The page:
Qantas has revealed a deal to sell its terminal at Melbourne Airport for $A355m as chief executive Alan Joyce said the carrier was set to make record full-year revenue and remains in “a fundamentally strong position” despite some slowing in domestic demand.
The Melbourne terminal sale will see the airline receive $A276m in cash this financial year with the remaining value to be accrued in future periods.
The transaction includes a 10-year access agreement for Terminal 1 with all aeronautical and retail assets transferring to Melbourne Airport.
But the carrier retains exclusive access to Terminal 1 — including lounges, for domestic services — and says options to operate off-peak international flights from the terminal are being assessed.
The details were contained in a group trading update which showed third-quarter revenue increased 2.3 percent to $A4.4 billion compared to the prior corresponding period.
This was despite the shift of the busy Easter holidays into the fourth quarter of the current financial year.
The update did not include underlying profit figures but Qantas said group unit revenue was up by 4 percent and its share of corporate travel revenue had increased by 2.5 percentage points to its highest level in three years.
Unit revenue was also up in group domestic and international operations and Qantas Loyalty continued to see strong revenue growth.
Jetstar’s international services had been heavily impacted in the third quarter by the timing of Easter but unit revenue had continued to grow and the broader Jetstar group had seen an 8 percent increase in ancillary revenue per passenger.
“The Group continues to perform well, with strength in key parts of our portfolio helping to hedge against headwinds in other areas,’’ Joyce said.
“Internationally, the outlook is positive and continues to improve. The long-term fleet and network changes we’ve made are delivering revenue growth, and total market capacity in the fourth quarter is contracting in response to higher fuel prices.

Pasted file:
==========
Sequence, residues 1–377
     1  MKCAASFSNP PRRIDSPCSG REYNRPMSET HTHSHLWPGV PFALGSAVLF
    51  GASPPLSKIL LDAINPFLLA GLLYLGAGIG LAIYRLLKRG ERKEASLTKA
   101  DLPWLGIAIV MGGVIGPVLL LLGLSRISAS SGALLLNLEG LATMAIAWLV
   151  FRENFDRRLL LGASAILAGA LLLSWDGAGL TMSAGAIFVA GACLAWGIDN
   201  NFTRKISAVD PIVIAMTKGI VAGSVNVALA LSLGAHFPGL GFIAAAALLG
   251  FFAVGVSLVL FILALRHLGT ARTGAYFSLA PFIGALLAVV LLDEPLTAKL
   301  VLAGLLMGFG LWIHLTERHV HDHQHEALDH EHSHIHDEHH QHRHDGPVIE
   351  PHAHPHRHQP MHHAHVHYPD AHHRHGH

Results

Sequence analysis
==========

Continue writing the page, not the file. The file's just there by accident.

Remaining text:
“Domestically, demand is mixed. The resources sector continues to grow and we’re capitalising on that with a lot of extra flying in Western Australia and Queensland.
“Leisure demand was very strong over Easter and is holding up well, and we’re pleased with our growing share of the corporate and small business segments.
“We’re seeing increased softness in parts of the domestic corporate market for May and June, particularly financial services, telecommunications and some areas of construction.
“Growth is also slowing in the small business market. We’ll have a better sense of how temporary this is after the Federal Election, which always has a dampening impact on travel demand.
“Overall, we expect the Group to achieve a record level of revenue this financial year and strong cash flow as we continue to deliver for shareholders, customers and our people.”
Commenting on the terminal sale, Melbourne Airport chief executive Lyell Strambi said the agreement was an important step that would ensure the ongoing commercial success of the airport’s biggest customer.
He said the new arrangements, scheduled to start from July 1, would be phased in to minimize disruption to travelers and would include an enhanced retail offering.
“We’ve been very focussed on delivering a better passenger experience. First and foremost we want to improve efficiency and reduce the stress of travel, but our research tells us that today’s passengers are looking for more,” he said
“Better range and choice of what they eat and drink, and retail options to satisfy everything from travel essentials to luxury. With the certainty we can now give tenants, the first step will be to reopen a number of existing locations.”
Other features will include the flexible use of parts of the terminal to allow it to swing to international operations.